colombo institute of research and psychology
I apologize for the lack of posts over the last 2 weeks. I have been to visit the wonderful people in the Colombo Institute of Research and Psychology and the National Institute of Mental Health, Angoda.Then of course I had to deal with copious amounts of work/emails upon my return, which I am sure will fill exciting posts to come.
When I embarked upon this research journey, I also signed up for the Global Leaders Programme at Coventry University. I did this to become a part of the global healthcare community and reach key opinion leaders with the same directive goals as myself…Starting the conversation has always been the most productive way to make change happen. Indeed, it has already put me in touch with some inspiring people, and this trip proved to be no different.
I have always had a keen interest in getting to know how the various healthcare systems across our globe work. We are all human… so what works best? I have already visited the Royal Victoria Teaching Hospital in Banjul, The Gambia and the Gimbie Adventist Hospital, Ethiopia. With the help of Maternity Worldwide and clinical work placements, I was privileged to have the opportunity to see how our health care systems contrast and compare to other healthcare systems around the globe. I was excited to take part in this visit, which promised to enlighten us all to the mental healthcare provisions and psychology research in Sri Lanka.
National Institute of Mental Health, Angoda Colombo, Sri Lanka
Speaking with the researchers in the Colombo Institute of Research and Psychology, it was clear that their research shared the same concerns as western research. Healthy debates generated interesting insights into the work they were forming in breaking stigma and securing new funding for the people of Sri Lanka. However, their population base faces some new and very real challenges:
-Less than 1% of Sri Lankas healthcare budget is spent on the mental health care of the nation.
-Sri Lankan communities often use astrology and homeopathic remedies to treat mental ill health rather than access medical facilities.
– There are only 2 psychiatric consultants for the whole of Colombo and surrounding areas.
-Limited facilities for mother and baby units, which need more space for mentally unwell mothers and their families. (In Sri Lanka, reported maternal death due to suicide is notably high) – See Puerperal Psychosis.
– The stigma around mental health issues remains great in Sri Lanka, therefore many of those who may be ready to re-enter their communities following treatment have no where to return to. They become rejected by their families.
– This stigma creates a culture where those in need are reluctant to seek help.
– Families are keen not to disclose the mental ill health of loved ones and may isolate problems.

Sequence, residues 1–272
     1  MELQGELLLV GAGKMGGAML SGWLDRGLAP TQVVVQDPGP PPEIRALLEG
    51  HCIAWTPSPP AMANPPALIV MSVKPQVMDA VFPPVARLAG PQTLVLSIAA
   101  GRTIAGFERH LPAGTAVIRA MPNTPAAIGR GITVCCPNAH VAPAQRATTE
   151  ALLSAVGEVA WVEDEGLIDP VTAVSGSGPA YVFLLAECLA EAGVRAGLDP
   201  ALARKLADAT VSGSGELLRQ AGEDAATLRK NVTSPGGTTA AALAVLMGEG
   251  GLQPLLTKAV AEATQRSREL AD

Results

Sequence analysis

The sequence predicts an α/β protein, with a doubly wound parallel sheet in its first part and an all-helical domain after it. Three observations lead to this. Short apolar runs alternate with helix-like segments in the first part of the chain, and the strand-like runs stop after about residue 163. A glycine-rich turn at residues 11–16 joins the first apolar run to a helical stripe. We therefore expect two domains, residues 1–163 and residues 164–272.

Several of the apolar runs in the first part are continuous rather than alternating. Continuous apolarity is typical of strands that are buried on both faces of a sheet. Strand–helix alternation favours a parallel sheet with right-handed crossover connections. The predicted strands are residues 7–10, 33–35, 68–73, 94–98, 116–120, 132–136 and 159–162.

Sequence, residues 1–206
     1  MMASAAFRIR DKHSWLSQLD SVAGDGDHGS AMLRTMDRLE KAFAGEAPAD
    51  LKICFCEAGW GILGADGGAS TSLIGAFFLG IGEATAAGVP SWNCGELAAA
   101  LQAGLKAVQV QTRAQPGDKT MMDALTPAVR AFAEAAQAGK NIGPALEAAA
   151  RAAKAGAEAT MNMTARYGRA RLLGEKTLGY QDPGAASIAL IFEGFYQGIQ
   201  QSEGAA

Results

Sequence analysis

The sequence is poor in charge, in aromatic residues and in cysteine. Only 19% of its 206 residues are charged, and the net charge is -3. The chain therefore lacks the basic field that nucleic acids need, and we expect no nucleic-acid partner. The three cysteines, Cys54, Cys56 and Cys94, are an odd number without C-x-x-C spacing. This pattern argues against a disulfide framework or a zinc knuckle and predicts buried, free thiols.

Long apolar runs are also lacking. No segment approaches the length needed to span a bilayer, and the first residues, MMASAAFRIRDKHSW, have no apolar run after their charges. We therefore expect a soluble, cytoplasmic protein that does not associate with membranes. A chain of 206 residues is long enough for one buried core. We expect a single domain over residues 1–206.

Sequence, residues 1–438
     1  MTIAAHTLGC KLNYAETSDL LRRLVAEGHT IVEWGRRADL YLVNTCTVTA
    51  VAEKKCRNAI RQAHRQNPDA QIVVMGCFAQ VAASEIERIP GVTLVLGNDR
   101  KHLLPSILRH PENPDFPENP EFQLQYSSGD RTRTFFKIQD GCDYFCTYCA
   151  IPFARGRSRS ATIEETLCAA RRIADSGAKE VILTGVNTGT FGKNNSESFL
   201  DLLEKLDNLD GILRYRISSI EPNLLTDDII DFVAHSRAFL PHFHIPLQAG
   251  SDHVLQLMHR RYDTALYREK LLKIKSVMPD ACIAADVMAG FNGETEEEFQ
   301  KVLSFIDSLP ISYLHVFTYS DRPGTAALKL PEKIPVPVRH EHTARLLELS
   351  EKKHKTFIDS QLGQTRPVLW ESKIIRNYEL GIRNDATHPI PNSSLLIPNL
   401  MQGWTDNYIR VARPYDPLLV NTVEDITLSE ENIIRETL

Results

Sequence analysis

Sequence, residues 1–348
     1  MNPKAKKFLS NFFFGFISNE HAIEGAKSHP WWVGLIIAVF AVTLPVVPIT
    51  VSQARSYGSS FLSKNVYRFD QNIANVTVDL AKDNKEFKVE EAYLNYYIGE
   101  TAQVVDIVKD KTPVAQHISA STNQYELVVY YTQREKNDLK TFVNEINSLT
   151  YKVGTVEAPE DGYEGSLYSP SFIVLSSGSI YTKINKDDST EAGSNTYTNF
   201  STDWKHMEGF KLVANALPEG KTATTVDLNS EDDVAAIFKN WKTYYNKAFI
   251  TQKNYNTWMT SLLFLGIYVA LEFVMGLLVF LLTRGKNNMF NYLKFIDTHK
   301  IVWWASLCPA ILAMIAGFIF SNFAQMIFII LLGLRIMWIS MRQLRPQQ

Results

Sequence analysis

-Mental health facilities are used as holding places for those on remand following the identification of the antisocial behavioral symptoms of ill mental health.
Speaking to one of the consultant psychiatrists about these issues was so valuable to my research. Comparing the etiologies of psychological distress with the cultures and social norms of both populations highlighted how our UK populations may face triggers for distress which are entirely unique to the UK. Although some of these factors will also translate to other populations, it may be that specific factors correlate only with our own health care professionals, within western society.
From the point of view of research, this leaves much to be explored. How do we breakdown the populations into completely homogeneous samples? Is it ever possible to?
After speaking with Dr Shavindra Dias from the University of Peradeniya, (which by the way is the most beautiful university campus I have ever seen!) it is clear that the connections I have made throughout this research trip will last throughout my career as I continue to network with and learn from some of the most outstanding and inspirational leaders who take pride in making changes to ensure a brighter future for all. The struggle to improve the overall well being of society by authenticating and placing value upon the needs of those in psychological distress is hard. Yet I still believe that is the most noble and kind thing we can do for humanity. The connections I have made throughout this trip will forever remain a part of my professional journey going forward, and I would like to thank again for hosting such an amazing trip of discovery in partnership with .
In addition to this wonderful experience we also visited:
-Galle Face Green
-The National Museum of Colombo
-International Maritime Museum in Colombo
– The National Elephant Orphanage
-The Temple of the Tooth
View from the World Trade Centre in Colombo
Sri Lankan Elephant Orphanage
I hope to reunite with the amazing people I met here soon…. Perhaps for my up and coming Delphi Study?